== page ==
What Makes Indonesia and Thailand So Difficult to Become Developed Countries?
Whilst many traditional theories in economics, such as Robert Solows’ (1956) Growth Model, predict that over time developed countries will converge to the growth levels of developed nations, this has not yet been the case. Growth and development in Thailand and Indonesia has been lagging way behind the levels of most developing nations, with total output growth being dismal. Why is this?
Firstly these countries have a smaller population and smaller landmass in comparison, and so it is near impossible to reach the economic size of nations such as America. Developed countries are more able to gain from economies of scale and their firms have an established market power, creating large barriers to entry for many markets. Yet countries such as Singapore have developed much faster than Thailand and Indonesia, despite their small size. Some claim these countries find it difficult to develop as their economies are not as open as developed countries, with more protectionist policies in place to protect inefficient domestic industries. This may give less incentive to compete and cost minimize.
An alternative reason is due to Indonesia and Thailand having huge amounts of natural resources, which are attractive for entrepreneurs to gain quick, easy money from. These countries thus focus their productive efforts mainly on primary good productions, which have very little added value and profit margins (such as mining and deforestation). In contrast, already developed countries (such as the UK and US) invest heavily into high-tech and service industries, which has a higher mark-up price and thus brings higher profits. In order for Indonesia and Thailand to compete in such industries they must have a skilled and educated workforce. However, since their education and training systems in these nations are not as effective as the established institutions in developed nations, their workforce are better suited towards unskilled, labor intensive industries. Furthermore, the few skilled and educated individuals that do come from Thailand and Indonesia will likely migrate to the developed nations, due to better job opportunities and wage levels. This problem, often referred to as the ‘new international division of labour’ by authors such as Warf (2010) and Mimiko (2012), is said to have lead to the spatial shift of manufacturing industries from advanced capitalist countries to developing nations, such as Thailand and Indonesia (e.g. in search of cheap labour costs).
One reason why these countries find it difficult to develop is because the already developed countries have a competitive advantage in the sense that they have a higher technological sophistication. Whilst there may be spillover effects, with foreign technologies crossing borders into Thailand and Indonesia, their capability for utilizing foreign technologies is lower and their populations are less technologically educated. Additionally, many technologies are capital intensive, of which these countries posses less of than developed countries. Vernengo (2004), speaking from a dependency theorists’ perspective, claims that in addition to technological differences, these counties are unable to converge to the level of developed nations due to the stark differences in financial strength. In addition, since their currencies are less stable, they are unlikely to be able to borrow funds in their domestic currency and so their financial security depends heavily on domestic and foreign exchange rates. This is less of a problem in developed nations and allows for easier financing of investments, and thus higher growth. Their health, housing and education problems are more profound than most developed countries, and so a lower proportion of their financial income can be spent on alternative investments. These countries also have a larger shadow economy, and so not all income is recorded and reinvested. Finally, Thailand and Indonesia have much higher levels of political instability, which creates uncertainty in the economic and acts as a disincentive for investment.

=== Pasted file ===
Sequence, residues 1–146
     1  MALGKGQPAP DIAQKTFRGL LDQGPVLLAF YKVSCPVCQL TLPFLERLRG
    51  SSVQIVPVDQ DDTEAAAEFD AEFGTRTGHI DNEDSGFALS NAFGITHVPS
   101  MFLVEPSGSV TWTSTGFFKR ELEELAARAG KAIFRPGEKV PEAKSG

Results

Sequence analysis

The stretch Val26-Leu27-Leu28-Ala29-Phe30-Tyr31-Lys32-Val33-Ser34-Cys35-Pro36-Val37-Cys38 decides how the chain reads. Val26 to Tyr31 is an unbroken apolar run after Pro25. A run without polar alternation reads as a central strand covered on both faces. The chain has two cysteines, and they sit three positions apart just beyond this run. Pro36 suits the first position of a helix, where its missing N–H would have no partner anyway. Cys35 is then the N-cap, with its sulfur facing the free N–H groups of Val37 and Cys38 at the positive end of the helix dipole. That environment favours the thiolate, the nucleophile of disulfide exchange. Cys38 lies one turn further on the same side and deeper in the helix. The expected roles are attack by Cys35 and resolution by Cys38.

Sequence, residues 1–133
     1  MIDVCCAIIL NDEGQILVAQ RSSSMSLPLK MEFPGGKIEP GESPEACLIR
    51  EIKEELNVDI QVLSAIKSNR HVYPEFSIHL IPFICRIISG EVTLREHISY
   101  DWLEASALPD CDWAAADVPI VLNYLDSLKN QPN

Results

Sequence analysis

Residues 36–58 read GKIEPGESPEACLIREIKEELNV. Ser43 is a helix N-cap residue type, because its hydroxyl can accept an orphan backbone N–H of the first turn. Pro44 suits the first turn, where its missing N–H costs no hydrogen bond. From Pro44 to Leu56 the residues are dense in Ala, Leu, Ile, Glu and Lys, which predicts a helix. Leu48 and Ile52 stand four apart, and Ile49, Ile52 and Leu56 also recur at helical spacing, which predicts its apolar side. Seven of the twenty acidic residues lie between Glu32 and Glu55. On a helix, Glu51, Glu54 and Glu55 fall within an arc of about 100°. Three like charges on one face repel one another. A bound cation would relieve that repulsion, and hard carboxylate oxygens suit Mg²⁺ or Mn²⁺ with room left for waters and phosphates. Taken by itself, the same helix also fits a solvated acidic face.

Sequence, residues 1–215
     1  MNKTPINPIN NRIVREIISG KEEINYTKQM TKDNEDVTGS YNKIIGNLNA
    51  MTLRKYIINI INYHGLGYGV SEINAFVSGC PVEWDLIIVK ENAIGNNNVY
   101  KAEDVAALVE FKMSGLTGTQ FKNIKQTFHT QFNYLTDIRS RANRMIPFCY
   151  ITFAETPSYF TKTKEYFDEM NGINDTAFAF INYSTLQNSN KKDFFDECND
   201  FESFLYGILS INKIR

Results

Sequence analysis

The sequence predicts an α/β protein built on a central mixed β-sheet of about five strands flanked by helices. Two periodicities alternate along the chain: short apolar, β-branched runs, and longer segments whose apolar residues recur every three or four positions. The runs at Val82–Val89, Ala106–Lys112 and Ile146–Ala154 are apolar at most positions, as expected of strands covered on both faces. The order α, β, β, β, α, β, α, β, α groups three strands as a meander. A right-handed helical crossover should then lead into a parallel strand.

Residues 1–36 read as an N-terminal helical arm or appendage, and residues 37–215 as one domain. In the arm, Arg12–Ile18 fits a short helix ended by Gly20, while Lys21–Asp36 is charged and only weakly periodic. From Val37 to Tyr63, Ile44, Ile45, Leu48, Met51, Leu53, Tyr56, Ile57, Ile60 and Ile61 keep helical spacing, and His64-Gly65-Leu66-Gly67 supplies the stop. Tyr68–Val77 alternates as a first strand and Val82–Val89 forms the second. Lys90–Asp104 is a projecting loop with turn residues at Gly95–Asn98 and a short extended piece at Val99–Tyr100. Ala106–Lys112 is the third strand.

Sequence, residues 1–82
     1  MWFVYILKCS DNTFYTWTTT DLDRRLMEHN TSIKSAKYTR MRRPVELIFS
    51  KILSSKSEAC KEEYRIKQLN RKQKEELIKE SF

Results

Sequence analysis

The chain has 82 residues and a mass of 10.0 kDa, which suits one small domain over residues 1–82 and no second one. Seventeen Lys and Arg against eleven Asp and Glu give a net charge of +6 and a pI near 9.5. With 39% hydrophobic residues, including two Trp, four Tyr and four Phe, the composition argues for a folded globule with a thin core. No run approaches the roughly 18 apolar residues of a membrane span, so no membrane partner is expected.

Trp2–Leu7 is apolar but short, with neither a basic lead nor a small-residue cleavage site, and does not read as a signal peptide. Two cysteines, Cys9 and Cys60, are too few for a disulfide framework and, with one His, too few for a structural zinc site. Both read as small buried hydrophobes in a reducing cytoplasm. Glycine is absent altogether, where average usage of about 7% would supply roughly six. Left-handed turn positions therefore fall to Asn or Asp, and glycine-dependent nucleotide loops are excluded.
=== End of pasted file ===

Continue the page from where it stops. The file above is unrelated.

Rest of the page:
Mimiko, O., 2012. Globalization: The Politics of Global Economic Relations and International Business. Durham, N.C.: Carolina Academic.
Warf, B., 2010. New International Division of Labor. Sage Publications
Vernengo, M., 2004. Technology, Finance and Dependency: Latin American Radical Political Economy in Retrospect. University of Utah: Department of Economics, Working Paper No: 2004-6. [online]. Available from: http://www.economia.unam.mx/cegademex/DOCS/matias_vernengo1. [last accessed 14.06.16].
Solow, R., 1956. A Contribution to the Theory of Economic Growth. The Quarterly Journal of Economics, 70, (1), 65-94. [online]. Available from: http://www.econ.nyu.edu/user/debraj/Courses/Readings/Solow. [last accessed 14.06.16].